Motion to prevent sale of magic mushrooms defeated by Vancouver council
Coun. Pete Fry referred to motion as 'anti-drug hysteria'
Vancouver city council struck down a motion Wednesday night to deter and prevent the sale of psilocybin mushrooms, a psychedelic drug also known as magic mushrooms.
The motion from Coun. Melissa De Genova linked the sale of mushrooms, which are classified as an illicit drug in Canada, to the widespread money laundering in the province identified in a 2018 report by ex-Mountie Peter German.
"I want to make sure that we are definitely deterring money laundering," said De Genova during Wednesday's council meeting.
She says that many cannabis dispensaries have paid for business licences in cash amounts of tens of thousands of dollars and fears that allowing the sale of an illicit substance like mushrooms leaves open more avenues for money laundering.
Magic mushrooms contain hallucinogens, usually psilocybin and psilocin, which can cause people who use them to see, hear or feel things that are not really there. They may also experience anxiety, fear, nausea and muscle twitches.
More than a dozen speakers lined up to speak about the motion before council, including Mark Haden of UBC's School of Population and Public Health, who spoke out against enforcement.
"Drug prohibition is a huge waste of resources," said Haden. "Criminal enforcement approaches to drug crimes have always failed."
Other speakers testified about the benefits they had observed from the use of mushrooms in treating anxiety and addiction.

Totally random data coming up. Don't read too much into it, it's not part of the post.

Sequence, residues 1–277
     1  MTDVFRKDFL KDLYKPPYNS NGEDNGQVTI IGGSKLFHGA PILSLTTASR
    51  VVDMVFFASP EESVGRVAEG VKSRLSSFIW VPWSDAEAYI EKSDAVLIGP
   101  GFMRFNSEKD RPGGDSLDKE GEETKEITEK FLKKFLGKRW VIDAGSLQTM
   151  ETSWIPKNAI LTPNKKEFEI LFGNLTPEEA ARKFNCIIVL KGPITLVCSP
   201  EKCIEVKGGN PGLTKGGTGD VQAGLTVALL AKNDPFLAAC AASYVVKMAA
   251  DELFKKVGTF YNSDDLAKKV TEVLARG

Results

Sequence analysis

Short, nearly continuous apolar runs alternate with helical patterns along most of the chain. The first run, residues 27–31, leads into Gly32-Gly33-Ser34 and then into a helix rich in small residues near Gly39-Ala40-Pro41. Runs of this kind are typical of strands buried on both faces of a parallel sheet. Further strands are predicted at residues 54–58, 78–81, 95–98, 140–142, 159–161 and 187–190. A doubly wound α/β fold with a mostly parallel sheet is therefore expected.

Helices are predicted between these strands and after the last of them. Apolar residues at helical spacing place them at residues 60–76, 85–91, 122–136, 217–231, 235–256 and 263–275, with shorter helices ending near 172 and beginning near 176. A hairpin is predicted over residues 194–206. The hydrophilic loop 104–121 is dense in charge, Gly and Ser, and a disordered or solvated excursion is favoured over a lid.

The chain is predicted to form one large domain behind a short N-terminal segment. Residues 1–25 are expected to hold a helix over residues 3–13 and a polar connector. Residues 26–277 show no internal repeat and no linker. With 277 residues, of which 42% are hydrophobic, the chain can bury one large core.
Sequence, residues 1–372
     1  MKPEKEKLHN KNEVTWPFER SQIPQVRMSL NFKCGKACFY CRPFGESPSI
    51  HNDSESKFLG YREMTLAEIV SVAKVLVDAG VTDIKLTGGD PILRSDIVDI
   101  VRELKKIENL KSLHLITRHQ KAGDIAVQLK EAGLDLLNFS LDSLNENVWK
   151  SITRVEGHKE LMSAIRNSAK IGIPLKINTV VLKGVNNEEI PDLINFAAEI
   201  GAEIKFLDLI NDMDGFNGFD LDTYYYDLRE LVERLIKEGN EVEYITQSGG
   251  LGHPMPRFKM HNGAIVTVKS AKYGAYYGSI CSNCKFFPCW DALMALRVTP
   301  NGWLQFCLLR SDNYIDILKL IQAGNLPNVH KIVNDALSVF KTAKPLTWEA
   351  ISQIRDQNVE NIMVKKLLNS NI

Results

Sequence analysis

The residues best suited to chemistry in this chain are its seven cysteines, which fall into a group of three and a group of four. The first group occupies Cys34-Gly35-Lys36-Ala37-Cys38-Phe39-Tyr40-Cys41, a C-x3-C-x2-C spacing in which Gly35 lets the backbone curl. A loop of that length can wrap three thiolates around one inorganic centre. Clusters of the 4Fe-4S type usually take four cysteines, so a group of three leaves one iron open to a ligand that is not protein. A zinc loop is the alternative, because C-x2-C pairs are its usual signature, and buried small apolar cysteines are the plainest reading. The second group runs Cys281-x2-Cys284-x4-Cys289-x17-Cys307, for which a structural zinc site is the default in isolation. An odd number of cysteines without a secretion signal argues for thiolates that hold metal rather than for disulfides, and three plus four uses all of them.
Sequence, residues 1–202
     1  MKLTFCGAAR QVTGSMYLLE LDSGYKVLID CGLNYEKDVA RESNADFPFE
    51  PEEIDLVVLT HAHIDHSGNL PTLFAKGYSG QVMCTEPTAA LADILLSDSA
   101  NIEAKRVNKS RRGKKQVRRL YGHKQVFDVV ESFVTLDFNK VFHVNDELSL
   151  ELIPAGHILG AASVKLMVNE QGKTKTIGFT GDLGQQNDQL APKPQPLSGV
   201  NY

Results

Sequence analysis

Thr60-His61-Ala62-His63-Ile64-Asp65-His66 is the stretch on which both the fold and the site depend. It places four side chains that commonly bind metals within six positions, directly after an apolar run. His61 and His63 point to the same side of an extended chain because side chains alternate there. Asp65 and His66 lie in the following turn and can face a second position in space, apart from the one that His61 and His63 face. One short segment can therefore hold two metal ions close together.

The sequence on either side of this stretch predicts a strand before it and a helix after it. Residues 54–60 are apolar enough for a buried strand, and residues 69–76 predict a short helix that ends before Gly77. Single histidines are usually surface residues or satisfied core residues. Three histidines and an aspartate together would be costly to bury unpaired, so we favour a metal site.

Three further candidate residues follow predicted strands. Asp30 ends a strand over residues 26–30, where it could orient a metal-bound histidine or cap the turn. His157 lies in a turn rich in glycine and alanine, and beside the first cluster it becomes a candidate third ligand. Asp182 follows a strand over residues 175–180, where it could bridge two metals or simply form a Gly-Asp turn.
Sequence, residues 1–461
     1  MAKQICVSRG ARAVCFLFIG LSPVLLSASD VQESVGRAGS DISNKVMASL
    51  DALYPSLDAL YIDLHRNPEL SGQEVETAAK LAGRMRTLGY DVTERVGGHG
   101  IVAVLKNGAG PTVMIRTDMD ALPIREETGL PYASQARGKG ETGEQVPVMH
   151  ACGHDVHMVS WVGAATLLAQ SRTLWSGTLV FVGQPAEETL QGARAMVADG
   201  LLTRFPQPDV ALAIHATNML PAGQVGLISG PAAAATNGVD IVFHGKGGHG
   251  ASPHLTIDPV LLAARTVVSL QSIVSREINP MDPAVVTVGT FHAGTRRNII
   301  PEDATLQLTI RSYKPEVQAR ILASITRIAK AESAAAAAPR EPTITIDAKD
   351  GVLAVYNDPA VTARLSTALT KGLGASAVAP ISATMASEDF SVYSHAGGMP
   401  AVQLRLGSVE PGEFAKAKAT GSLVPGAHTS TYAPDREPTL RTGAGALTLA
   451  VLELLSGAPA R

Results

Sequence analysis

Health Canada says there is little evidence that people can become dependent on magic mushrooms.
It adds that psilocybin is being studied in clinical trials for its potential to treat conditions like anxiety, depression, obsessive compulsive disorder and problematic drug use, but that there are no approved therapeutic products containing the substance in Canada.
De Genova's motion also raised concerns about the City of Vancouver's difficulties with enforcement related to cannabis dispensaries operating without a licence, taking up municipal staff's time and resources.
Her motion called for staff to study how the city's annual budget would be affected if there was no action to shut down the sale of illicit substances.
In voicing his opposition to the motion, Coun. Pete Fry called it "anti-drug hysteria."
"The very language about deterring and preventing the sale of psylocibin from the get-go imparts a stigma onto what is potentially a life-saving intervention," said Fry.
The motion was defeated in council by a 6-2 vote.